Plus: 85 million unique visitors who will restore your faith in humanity
- Jeff Bezos visited the Washington Post this week to tour his recent purchase, and during a Q&A with the paper’s reporters he declared his admiration for the “daily ritual” of poring over the bundle of news which has been blown up by the web and social media. “The problem is how do we get back to that glorious bundle that the paper did so well?”
Recent hire Timothy B. Lee (a.k.a. @binarybits) replies, “That daily ritual got blown up for good reason. Trying to recreate the ‘bundle’ experience in Web or tablet form means working against the grain of how readers, especially younger readers, consume the news today.”
No matter how good your news organization is, most of the best journalism is being done somewhere else. That’s because no publication, even storied outlets such as the New York Times or The Washington Post, can hope to hire a majority of the world’s most talented journalists. And this is why the smartest readers have increasingly eschewed “bundled” news outlets in favor of third-party aggregators that provide them with links to the best news from around the Web …
If this trend continues, and I think it will, then the future of news is one of radical unbundling. A large share of every publication’s traffic will come from referrals from third-party aggregators, and the key to success will be crafting content that performs well on these sites. Readers who prefer to read a publication’s news “bundle” from front to back will represent an aging and shrinking demographic.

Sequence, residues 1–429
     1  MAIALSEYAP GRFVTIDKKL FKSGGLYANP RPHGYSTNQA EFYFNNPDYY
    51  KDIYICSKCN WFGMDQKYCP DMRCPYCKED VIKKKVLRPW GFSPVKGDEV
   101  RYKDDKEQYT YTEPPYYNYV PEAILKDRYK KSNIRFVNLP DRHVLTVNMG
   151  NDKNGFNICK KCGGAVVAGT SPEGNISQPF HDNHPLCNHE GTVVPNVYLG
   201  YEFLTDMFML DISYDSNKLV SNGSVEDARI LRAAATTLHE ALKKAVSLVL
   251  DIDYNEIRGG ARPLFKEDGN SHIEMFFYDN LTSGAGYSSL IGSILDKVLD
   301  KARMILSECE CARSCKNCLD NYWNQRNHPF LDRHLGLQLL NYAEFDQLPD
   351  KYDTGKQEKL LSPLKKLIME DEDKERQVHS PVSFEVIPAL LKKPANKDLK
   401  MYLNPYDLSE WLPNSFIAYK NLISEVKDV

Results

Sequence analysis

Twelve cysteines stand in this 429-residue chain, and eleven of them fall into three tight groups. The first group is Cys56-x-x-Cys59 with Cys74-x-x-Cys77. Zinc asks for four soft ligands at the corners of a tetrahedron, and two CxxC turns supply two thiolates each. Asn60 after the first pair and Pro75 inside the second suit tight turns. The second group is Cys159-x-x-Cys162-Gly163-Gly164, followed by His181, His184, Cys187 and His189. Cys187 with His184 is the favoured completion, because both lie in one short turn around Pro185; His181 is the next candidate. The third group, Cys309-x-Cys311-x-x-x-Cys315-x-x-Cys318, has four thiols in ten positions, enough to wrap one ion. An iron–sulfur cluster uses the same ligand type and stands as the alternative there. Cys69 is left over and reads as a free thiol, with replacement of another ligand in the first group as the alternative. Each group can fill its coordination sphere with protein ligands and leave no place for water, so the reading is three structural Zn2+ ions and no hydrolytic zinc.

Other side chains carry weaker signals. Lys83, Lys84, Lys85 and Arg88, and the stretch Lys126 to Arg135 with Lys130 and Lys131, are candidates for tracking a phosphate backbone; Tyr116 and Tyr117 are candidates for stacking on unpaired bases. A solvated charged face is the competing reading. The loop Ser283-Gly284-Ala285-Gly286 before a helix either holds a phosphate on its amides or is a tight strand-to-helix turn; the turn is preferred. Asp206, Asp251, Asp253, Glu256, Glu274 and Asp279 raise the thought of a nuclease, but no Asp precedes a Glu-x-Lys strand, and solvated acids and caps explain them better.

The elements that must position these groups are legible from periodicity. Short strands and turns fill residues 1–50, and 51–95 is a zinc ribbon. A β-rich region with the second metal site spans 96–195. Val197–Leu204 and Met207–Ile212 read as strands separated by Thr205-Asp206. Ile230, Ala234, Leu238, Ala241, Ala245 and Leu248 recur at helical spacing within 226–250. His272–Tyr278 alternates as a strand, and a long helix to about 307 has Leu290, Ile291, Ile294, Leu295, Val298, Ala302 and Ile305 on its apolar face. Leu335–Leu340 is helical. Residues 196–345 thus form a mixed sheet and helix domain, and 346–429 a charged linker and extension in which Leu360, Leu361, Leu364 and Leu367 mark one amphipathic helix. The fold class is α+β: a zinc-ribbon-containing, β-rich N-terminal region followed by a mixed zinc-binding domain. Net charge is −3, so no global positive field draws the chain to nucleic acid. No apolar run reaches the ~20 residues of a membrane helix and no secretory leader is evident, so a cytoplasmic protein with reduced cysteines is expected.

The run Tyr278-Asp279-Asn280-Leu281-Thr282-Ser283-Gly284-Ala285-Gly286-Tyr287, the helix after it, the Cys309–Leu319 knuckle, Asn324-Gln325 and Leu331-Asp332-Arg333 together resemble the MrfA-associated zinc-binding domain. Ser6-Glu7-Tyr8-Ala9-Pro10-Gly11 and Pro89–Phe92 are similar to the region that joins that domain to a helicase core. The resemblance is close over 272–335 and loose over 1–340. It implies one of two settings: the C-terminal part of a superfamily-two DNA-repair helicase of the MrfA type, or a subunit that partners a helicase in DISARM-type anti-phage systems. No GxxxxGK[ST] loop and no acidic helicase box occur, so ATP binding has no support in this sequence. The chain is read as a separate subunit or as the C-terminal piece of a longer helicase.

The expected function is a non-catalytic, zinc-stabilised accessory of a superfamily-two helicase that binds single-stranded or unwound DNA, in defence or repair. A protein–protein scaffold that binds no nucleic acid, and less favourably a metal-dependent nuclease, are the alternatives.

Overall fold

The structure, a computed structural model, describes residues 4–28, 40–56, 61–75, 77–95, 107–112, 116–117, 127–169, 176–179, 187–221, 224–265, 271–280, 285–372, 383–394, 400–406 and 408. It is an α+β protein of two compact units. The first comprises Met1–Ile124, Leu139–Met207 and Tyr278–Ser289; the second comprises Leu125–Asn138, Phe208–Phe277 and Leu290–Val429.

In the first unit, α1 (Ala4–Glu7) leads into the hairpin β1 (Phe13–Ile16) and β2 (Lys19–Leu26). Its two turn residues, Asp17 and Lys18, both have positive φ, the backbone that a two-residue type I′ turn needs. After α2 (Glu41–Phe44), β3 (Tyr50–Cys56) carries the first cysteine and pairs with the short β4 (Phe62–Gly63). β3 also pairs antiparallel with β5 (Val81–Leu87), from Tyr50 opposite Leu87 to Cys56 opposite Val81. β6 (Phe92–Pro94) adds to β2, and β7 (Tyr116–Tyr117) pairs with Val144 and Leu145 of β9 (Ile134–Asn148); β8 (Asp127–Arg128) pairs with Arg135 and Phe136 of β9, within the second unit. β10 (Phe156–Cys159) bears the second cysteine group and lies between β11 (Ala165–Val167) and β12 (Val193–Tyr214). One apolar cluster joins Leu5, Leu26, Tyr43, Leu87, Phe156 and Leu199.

- BuzzFeed racked up 85 million unique visitors in August, founder Jonah Peretti revealed in a public memo to staff. “By this time next year we should be one of the biggest sites
on the web,” he said.
The numbers are impressive, but Peter Kafka asks why Peretti didn’t mention the site’s revenue, which is on track to hit $60 million this year:
The bigger question for BuzzFeed is how sustainable all this is. Even if you assume that the site will continue to work its traffic magic â€” and Peretti and crew are really, really good at making things that people want to click on â€” its ads-that-arenâ€™t-ads model is still a work in progress â€¦ those ads take lots of work to create, either by advertisers or BuzzFeedâ€™s in-house staff. And it’s hard to rerun a “native” BuzzFeed ad on other sites, which means there will be a scale question on both ends. For now, though, it doesnâ€™t seem to be a problem.
- “The Internet has destroyed the traditional business model for a lot of industries. Is it set to destroy advertising, too?” Salon’s Andrew Leonard on the success of ad-blocking software AdBlock Plus, and what it means for the future of internet advertising.
- Two very different proposals from Baltimore City Paper staffers Edward Ericson Jr. and Joe MacLeod to buy their paper from Times Shamrock.
- Four ways to start thinking about native advertising.
- Jay Rosen revisits the question of what journalism is and where the authority of a journalist originates.
- Underdog businesses are more likely to post fake Yelp reviews, says a recent study.
- And finally, Coastal Carolina University has prohibited the distribution of the Weekly Surge on its campus, ostensibly because the Myrtle Beach alt-weekly’s editorial and advertising content is heavily-focused on alcohol, which will encourage student to imbibe. Says editor Kent Klimes, “I read plenty of news articles about murder, rape, war, robbery, fraud and the like and they havenâ€™t led me to a life of crime.”